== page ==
For example, the robot Diligent Robotics, where Carla leads design efforts, designed for healthcare, called “Moxi,”, made by Diligent Robotics, where Carla leads design, can speak, gesture, respond and even navigate its hectic hospital environment. Speaking about the new technology behind social robotics, Carla added, “We have the ability to interact with products as entities—and actually have a conversation that is evolving.” This can be a robot or, say, a vacuum cleaner.
Use this core framework to build better-connected devices
Carla outlined a series of steps to reach this goal. The first step is recognition of the physicality of the object and its relationship to your body, face and hands. Next, is expression, or how the device communicates with you through light, sound and movement. Consider the Interaction, which is how the device (or, as in one example she mentioned, the Stanford Center for Design Research’s Mechanical Ottoman) takes cues and responds. Context is also critical to understand both you (the user) and the environment in which it will function (e.g., the rugged, waterproof Hammerhead bicycle navigator). Finally, create an ecosystem or family of devices that can work together, communicate and scale, thereby providing the context to evolve from “smart” to “social.”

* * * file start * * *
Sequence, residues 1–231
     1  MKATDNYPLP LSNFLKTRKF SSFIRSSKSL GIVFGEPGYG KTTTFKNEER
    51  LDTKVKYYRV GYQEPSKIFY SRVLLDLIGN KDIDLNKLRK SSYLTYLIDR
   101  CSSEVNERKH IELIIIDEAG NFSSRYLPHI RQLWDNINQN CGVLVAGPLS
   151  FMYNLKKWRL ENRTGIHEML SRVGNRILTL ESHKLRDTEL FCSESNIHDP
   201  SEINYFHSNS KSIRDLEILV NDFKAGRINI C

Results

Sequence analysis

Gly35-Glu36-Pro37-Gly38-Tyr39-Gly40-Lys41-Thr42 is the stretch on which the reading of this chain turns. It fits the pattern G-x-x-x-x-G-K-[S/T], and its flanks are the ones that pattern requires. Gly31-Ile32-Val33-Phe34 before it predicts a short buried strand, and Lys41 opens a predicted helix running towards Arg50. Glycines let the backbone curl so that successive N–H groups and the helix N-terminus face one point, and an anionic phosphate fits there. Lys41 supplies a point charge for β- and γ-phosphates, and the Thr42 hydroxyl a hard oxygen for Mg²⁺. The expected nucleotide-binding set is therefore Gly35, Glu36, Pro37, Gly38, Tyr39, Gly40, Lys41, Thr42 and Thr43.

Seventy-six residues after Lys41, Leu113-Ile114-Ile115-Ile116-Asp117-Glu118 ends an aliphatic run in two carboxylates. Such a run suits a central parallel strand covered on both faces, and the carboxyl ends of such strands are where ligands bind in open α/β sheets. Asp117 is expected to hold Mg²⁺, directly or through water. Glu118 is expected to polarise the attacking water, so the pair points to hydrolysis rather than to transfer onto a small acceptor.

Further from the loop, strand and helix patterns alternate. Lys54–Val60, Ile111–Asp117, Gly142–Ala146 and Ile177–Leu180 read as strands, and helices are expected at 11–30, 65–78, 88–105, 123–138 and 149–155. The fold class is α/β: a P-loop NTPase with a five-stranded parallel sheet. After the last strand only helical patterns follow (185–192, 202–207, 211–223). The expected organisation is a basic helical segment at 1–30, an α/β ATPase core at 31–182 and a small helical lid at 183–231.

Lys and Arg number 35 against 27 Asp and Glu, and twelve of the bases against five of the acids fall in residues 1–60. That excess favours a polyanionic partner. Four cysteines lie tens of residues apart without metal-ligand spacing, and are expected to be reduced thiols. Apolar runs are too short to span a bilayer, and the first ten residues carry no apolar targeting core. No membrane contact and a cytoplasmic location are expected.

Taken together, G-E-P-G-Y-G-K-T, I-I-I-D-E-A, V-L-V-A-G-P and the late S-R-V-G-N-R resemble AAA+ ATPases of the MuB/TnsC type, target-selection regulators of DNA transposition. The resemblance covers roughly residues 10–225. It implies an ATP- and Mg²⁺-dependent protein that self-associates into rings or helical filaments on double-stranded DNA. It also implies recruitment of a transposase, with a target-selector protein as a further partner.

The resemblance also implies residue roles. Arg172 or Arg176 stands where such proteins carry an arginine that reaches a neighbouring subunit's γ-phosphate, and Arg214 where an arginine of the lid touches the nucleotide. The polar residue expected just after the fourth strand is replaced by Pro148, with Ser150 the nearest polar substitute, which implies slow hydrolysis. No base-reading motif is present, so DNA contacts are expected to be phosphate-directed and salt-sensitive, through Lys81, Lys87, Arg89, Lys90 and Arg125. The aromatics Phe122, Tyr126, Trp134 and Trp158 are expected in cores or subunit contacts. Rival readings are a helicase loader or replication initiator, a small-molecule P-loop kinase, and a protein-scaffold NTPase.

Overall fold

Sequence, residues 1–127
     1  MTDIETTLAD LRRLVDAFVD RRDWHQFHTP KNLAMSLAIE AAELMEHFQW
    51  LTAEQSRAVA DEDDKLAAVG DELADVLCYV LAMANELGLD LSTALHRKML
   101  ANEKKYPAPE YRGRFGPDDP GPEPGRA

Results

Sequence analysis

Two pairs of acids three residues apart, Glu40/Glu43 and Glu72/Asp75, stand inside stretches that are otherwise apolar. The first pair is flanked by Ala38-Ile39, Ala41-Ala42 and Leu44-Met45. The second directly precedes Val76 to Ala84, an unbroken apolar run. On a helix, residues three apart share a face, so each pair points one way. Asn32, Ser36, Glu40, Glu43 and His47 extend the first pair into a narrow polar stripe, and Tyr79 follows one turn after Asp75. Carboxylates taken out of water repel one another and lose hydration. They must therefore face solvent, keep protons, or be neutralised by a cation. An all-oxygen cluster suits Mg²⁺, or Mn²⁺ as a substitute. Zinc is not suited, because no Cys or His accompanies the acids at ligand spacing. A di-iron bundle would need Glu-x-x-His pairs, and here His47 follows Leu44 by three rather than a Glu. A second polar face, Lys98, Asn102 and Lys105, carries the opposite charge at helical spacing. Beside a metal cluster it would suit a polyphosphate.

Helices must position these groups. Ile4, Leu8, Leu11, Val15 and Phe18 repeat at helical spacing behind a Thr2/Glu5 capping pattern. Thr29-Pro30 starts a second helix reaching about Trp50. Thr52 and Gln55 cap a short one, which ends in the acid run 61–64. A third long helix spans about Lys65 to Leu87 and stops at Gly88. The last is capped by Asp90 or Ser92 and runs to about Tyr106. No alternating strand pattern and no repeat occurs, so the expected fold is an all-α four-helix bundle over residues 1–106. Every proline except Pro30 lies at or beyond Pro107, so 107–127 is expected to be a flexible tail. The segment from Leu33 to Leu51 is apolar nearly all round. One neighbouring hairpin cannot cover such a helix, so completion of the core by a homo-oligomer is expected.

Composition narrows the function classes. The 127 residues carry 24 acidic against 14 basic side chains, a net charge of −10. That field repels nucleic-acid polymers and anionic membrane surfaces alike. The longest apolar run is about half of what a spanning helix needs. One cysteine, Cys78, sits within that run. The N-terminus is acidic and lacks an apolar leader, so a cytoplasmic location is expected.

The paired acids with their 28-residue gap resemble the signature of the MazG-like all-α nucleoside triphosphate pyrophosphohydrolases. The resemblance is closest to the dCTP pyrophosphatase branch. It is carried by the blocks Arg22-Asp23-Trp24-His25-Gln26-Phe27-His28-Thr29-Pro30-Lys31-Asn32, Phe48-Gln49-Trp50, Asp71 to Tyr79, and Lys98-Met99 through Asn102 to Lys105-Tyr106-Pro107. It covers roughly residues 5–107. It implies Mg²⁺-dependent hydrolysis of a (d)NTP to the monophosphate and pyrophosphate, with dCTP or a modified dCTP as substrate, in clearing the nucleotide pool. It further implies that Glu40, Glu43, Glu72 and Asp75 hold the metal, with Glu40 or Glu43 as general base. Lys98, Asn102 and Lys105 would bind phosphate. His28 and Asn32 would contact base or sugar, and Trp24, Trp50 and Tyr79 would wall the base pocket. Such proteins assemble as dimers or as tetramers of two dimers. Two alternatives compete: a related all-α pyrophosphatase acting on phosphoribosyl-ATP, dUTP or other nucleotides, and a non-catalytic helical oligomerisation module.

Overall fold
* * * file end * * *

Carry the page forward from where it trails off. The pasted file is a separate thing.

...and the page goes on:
Maintain a North Star of social appropriateness
During the design process, Carla recommended teams should think about “the social exchange between the person, the product, the people and the product, and the people in the products.” They should use techniques such as playacting and visioning experiences to map out key moments of interaction; for instance, in the process of designing Moxi, a person pretended to be the robot in order to help determine its points of contact with a human, and how it should react. “This highlights the nuances of the social interaction that might not come through in a rendering or drawing,” noted Carla.
Don’t fear scary robot overlords